On #GivingTuesday, avoid benevolent harm
Religion & Liberty Online

On #GivingTuesday, avoid benevolent harm

Seamstress hard at work.

Everyone is familiar with Black Friday and Cyber Monday. Now in its seventh year, #GivingTuesday has also become a permanent and popular fixture in the post-Thanksgiving landscape.

#GivingTuesday occurs on the Tuesday immediately after Thanksgiving. On this special day people are encouraged to donate their money toward charitable causes. The official website for #GivingTuesday states that it “is a global day of giving fueled by the power of social media and collaboration.” #GivingTuesday has been astonishingly successful. Last year it generated 21.7 billion social media impressions and more than $300 million in donations.

As charitable organizations solicit donations under the #GivingTuesday banner, potential donors should carefully consider who they are giving to. In addition to concerns about the organization’s financial integrity, donors must gauge whether their charity of choice is unintentionally harming their intended beneficiaries. Indeed, some organizations unwittingly inflict benevolent harm. This tragic outcome happens more often than people realize and can be especially true of efforts that seek to serve those in material poverty.

How can one’s charity actually undermine the causes or people they mean to champion? When serving the material poor, there are numerous ways charitable giving can go wrong. Creating unhealthy dependencies or an entitlement mentalities are one way. Undermining people’s dignity can be yet another.

The next logical question then is this: how can we avoid benevolent harm? A first step would be to understand the true meaning of charity. The Latin root word of “charity” is caritas, or love, the greatest of the theological virtues. St. Thomas Aquinas provides us a simple but helpful definition of love: “To will the good of the other” (Summa Theologica, II-II, art. 26, q. 6).

When charity is defined as “willing the good of the other,” it ought to necessitate that more reflection and thought be given towards the practical effects of one’s charitable acts. To will the good of the other goes far beyond a sugar high feeling after a donate button is pressed, with no thought given to whether that donation truly empowers someone. Caritas goes beyond a check-list mentality of doing an obligatory “good deed for the day.” No, true charity, true love seeks to affirm the dignity of people, enables them to utilize their God-given talents, and equips people to stand on their own two feet.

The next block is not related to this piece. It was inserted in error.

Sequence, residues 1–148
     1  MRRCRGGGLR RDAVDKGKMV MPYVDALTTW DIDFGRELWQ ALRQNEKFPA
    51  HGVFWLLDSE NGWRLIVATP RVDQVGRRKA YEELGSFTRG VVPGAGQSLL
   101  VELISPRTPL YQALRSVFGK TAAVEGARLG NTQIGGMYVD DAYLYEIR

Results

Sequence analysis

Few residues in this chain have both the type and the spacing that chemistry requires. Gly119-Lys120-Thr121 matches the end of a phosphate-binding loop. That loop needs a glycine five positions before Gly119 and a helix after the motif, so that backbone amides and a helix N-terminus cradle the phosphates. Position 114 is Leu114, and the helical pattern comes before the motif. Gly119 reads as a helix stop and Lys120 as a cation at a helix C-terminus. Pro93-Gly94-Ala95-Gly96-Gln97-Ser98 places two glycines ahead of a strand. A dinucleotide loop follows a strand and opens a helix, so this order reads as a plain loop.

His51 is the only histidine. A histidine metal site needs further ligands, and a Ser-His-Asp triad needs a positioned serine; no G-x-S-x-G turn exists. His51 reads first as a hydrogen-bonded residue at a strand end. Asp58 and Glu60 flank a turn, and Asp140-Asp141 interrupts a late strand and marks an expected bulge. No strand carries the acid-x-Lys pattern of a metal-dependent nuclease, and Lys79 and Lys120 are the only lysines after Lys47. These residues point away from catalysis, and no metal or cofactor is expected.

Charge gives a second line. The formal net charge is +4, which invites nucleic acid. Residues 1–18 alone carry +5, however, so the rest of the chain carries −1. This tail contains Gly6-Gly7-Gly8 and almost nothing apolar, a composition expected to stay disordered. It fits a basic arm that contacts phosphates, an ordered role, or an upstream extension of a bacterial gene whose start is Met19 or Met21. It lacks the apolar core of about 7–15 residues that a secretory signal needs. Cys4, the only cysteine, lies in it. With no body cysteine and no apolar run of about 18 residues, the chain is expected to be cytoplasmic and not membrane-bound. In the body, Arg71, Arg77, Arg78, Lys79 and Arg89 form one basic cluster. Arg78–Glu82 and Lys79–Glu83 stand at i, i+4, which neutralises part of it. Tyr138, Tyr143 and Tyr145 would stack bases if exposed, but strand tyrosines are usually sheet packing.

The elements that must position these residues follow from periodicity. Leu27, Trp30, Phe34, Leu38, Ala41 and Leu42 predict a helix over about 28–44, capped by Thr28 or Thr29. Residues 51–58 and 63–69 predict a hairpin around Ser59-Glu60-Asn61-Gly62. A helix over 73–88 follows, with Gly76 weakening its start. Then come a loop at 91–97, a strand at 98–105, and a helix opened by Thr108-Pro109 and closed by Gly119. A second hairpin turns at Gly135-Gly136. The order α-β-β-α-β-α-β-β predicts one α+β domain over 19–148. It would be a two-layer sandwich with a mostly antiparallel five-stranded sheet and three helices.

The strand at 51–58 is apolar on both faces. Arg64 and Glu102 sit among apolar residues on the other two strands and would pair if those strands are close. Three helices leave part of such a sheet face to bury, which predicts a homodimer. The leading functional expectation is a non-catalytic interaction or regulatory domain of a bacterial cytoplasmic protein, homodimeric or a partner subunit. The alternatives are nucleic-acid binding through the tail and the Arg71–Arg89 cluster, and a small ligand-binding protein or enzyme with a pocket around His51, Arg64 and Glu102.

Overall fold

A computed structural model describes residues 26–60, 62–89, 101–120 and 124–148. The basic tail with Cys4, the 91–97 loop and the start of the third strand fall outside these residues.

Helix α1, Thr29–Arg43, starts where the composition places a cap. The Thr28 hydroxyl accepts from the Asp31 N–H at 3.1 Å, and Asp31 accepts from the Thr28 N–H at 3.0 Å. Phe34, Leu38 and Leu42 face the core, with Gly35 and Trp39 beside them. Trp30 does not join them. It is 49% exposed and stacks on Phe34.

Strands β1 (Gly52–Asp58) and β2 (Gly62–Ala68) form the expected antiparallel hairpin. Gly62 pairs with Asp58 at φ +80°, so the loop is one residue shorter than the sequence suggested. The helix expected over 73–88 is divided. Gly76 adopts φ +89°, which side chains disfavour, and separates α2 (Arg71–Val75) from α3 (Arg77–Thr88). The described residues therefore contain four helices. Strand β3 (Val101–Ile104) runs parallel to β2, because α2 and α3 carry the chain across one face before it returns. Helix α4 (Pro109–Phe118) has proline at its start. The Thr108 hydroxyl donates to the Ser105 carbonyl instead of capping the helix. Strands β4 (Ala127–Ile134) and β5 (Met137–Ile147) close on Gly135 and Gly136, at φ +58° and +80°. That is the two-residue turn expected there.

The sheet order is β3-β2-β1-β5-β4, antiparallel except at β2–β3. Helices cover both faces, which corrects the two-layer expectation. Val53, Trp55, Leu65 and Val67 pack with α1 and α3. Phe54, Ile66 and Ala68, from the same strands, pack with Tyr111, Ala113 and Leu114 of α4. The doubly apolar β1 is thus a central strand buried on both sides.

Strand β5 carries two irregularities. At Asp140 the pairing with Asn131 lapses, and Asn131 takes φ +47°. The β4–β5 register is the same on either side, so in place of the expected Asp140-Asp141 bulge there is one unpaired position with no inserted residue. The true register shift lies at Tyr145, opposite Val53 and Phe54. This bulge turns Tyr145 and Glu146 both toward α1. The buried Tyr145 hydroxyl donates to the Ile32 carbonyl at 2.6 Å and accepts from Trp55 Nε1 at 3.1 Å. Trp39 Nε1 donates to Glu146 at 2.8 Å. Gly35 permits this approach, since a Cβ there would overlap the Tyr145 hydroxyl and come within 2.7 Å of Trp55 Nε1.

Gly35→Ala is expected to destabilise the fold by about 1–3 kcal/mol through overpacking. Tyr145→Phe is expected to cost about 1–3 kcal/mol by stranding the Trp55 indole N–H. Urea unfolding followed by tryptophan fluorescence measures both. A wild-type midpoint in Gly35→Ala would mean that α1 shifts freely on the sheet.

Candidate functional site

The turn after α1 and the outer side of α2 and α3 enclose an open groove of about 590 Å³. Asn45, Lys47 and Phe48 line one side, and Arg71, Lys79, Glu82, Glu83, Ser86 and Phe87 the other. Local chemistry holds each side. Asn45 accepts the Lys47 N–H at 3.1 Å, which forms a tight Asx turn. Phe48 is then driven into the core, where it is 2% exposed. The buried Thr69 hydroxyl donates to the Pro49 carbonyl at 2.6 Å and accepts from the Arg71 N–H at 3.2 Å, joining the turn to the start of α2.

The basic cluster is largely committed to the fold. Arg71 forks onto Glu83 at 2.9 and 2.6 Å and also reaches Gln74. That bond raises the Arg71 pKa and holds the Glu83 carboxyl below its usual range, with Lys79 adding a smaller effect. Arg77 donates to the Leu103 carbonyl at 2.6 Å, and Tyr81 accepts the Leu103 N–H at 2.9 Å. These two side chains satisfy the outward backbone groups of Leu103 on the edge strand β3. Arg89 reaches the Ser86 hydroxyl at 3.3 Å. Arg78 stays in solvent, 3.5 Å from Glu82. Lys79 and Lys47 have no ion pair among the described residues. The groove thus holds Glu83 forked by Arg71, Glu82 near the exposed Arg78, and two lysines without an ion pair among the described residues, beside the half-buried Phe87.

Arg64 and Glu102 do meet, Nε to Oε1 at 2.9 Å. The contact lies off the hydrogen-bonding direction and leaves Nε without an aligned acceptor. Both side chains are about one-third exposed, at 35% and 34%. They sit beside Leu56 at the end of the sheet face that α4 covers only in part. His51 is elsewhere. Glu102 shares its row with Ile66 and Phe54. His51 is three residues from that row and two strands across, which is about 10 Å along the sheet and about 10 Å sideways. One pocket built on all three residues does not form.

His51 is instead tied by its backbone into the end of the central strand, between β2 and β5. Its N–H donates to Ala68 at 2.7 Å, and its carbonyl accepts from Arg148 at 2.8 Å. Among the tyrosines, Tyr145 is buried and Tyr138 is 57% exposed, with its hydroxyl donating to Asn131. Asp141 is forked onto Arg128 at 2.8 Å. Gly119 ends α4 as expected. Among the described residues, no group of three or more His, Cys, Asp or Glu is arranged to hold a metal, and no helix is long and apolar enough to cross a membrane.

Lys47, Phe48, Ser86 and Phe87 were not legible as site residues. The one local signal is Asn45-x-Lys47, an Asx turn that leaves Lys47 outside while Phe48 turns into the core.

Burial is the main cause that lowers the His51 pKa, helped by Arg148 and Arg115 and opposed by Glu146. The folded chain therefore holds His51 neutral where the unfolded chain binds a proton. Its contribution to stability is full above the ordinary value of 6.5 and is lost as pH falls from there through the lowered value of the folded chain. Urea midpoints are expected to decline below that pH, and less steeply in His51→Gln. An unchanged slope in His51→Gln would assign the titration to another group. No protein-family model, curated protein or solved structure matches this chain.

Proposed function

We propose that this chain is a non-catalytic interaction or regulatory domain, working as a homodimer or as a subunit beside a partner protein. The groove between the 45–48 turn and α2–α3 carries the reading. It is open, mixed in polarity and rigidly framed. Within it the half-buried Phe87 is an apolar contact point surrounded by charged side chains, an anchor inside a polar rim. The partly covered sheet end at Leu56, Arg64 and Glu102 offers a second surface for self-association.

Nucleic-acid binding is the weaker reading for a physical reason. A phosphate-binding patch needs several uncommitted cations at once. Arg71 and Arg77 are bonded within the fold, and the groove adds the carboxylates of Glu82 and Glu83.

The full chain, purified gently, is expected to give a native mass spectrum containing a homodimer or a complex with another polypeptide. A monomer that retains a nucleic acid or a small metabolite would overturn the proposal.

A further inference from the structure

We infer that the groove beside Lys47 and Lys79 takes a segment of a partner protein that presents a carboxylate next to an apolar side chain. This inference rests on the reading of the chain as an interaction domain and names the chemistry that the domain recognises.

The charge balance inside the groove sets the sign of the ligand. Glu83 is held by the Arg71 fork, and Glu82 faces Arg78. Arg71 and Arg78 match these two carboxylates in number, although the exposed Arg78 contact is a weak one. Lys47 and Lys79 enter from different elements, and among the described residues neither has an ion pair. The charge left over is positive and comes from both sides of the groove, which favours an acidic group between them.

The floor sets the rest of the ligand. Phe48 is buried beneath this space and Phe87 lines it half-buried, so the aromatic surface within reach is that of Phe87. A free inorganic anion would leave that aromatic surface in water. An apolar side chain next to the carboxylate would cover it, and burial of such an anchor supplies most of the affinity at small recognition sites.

Here are three questions to consider when giving to a charitable organization. Does that organization’s efforts:

1.)    Affirm or undermine people’s dignity? Everyone, being made in the Image of God (Gen. 1:26-7), enjoys intrinsic worth and is worthy of respect. Furthermore, people’s appropriate sense of pride and self-respect ought to be affirmed as much as possible. When we constantly place ourselves or the charities we support in the position of giver and continually relegate the material poor to the position of mere receivers, we undermine their dignity and self-worth. Instead, organizations should seek to partner with the material poor and be led by their vision and dreams.

How materially poor people are displayed in organizations’ marketing pieces can also serve to affirm or undermine people’s dignity. Charities that throw around photos of children with flies in their eyes or display people rummaging around in trash probably aren’t all that concerned about people’s dignity. Look for charities whose marketing communicates needs but simultaneously show people as proud, dignified, and possessing talents they can employ if only given a chance.

2.)    Promote or discourage work? Contrary to popular belief, work is a gift given to us long before the fall (Gen. 2:15). We are made to work. Any charitable organization that intentionally or unintentionally discourages able-bodied people from working and providing for themselves and their families errs greatly. Make sure the charities you support don’t unintentionally develop dependency or entitlement within people they work with.

Look for organizations that seek to start businesses or enable people to start businesses themselves. It is enterprises, both large and small, that provide jobs, enable people to utilize their God-given talents, and provide the foundation for economic flourishing.

3.)    Possess an exit strategy? Some charitable organizations seem to have institutional longevity as their main goal when they should in fact be working themselves out of the job. For example, a community development organization should have a date by which they want the community they have been working in to be self-sustaining. Once that is achieved, the organization should leave the area as quickly as possible.

Ask organizations if they have an exit strategy. Do they seek to build up a charitable empire? Or does the organization strive to reach certain goals that allow people to stand on their own two feet?

The answer to these three questions will go a long way in helping you determine organizations that are worthy of your support. So on this #GivingTuesday, don’t just give. Consider the practical results of your charity. Study the charities you give to and most of all, will the good of the other.

Andrew Vanderput

is the Poverty Initiatives Manager at the Acton Institute where he promotes business and enterprise solutions to material poverty. Andrew comes from a diverse background in public policy, nonprofits focused on international poverty, marketing, and consulting.